The international community has long recognized the importance of art and culture, and on occasion, have put measures in place to protect it. Here are two examples.
ABOVE: Taller Buddha (of the Buddha’s of Bamiyan, 4th and 5th century, Bamyan valley of central Afghanistan) in 1963 and in 2008 after destruction by the Taliban.
The Universal Declaration of Human Rights (UDHR) is a milestone document in the history of human rights. Drafted by representatives with different legal and cultural backgrounds from all regions of the world, the Declaration was proclaimed by the United Nations General Assembly in Paris on 10 December 1948 as a common standard of achievements for all peoples and all nations. It sets out, for the first time, fundamental human rights to be universally protected and it has been translated into over 500 languages.
Everyone has the right freely to participate in the cultural life of the community, to enjoy the arts and to share in scientific advancement and its benefits.
Everyone has the right to the protection of the moral and material interests resulting from any scientific, literary or artistic production of which he is the author.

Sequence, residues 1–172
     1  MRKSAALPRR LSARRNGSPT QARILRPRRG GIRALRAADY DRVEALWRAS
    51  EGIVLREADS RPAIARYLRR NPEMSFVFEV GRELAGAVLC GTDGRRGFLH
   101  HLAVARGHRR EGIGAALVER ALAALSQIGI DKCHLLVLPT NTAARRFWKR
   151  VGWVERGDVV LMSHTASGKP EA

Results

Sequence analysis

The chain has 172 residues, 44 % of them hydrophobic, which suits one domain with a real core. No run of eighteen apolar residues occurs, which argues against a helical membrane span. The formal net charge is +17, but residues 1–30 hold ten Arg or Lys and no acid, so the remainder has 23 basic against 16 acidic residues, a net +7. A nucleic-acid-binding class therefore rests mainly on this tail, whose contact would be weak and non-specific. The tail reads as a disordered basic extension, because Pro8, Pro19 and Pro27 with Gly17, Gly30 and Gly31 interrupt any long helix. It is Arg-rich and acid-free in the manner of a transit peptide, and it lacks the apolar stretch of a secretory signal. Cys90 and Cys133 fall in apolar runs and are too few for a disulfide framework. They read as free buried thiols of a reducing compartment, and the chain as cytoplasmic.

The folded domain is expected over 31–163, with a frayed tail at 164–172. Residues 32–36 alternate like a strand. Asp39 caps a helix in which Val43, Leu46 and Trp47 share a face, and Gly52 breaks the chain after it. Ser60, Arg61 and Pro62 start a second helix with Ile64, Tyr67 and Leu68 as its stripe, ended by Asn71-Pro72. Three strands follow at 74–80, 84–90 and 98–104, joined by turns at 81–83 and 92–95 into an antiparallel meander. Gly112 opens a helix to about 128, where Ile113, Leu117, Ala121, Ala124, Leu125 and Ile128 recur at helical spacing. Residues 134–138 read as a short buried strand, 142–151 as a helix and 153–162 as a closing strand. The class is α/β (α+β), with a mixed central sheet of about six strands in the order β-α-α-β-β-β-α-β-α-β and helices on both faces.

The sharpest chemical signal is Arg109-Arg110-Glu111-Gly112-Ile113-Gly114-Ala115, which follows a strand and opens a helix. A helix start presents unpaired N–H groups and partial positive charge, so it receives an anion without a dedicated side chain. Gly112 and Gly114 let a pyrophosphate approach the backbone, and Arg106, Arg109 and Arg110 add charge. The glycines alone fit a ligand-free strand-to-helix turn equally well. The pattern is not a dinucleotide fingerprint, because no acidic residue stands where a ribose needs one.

The Convention for the Protection of Cultural Property in the Event of Armed Conflict was adopted at The Hague (Netherlands) in 1954 in the wake of massive destruction of cultural heritage during the Second World War. It is the first international treaty with a world-wide vocation focusing exclusively on the protection of cultural heritage in the event of armed conflict.
The High Contracting Parties,
Recognizing that cultural property has suffered grave damage during recent armed conflicts and that, by reason of the developments in the technique of warfare, it is in increasing danger of destruction;
Being convinced that damage to cultural property belonging to any people whatsoever means damage to the cultural heritage of all mankind, since each people makes its contribution to the culture of the world;
Considering that the preservation of the cultural heritage is of great importance for all peoples of the world and that it is important that this heritage should receive international protection;
Guided by the principles concerning the protection of cultural property during armed conflict, as established in the Conventions of The Hague of 1899 and of 1907 and in the Washington Pact of 15 April, 1935;
Being of the opinion that such protection cannot be effective unless both national and international measures have been taken to organize it in time of peace;
Being determined to take all possible steps to protect cultural property.